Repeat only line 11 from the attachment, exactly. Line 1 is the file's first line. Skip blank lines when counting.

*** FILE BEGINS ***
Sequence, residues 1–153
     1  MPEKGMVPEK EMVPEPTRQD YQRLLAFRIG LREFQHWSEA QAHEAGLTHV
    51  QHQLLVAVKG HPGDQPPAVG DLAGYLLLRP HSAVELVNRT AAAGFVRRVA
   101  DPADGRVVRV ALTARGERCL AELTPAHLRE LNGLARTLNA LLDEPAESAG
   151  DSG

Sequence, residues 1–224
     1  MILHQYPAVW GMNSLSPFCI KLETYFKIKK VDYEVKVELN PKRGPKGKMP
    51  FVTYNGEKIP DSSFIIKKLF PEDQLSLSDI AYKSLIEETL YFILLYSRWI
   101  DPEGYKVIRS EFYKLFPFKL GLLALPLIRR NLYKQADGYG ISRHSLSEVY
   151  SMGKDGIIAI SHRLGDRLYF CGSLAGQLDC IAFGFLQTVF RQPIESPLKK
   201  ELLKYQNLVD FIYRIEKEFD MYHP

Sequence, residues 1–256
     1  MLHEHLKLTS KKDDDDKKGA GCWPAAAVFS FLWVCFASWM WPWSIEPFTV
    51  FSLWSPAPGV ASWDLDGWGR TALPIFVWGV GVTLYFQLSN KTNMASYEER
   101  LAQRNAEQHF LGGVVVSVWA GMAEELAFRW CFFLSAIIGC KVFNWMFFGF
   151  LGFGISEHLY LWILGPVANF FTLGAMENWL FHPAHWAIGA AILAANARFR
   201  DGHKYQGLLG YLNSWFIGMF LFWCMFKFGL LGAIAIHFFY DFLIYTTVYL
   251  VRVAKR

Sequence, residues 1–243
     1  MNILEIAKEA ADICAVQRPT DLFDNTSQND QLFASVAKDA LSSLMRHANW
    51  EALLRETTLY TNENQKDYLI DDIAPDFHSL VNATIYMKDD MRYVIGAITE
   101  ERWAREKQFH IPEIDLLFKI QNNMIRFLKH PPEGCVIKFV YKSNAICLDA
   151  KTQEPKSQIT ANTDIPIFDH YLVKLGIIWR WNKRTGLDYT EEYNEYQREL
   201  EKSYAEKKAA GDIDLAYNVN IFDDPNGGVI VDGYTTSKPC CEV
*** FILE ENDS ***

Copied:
   201  ELLKYQNLVD FIYRIEKEFD MYHP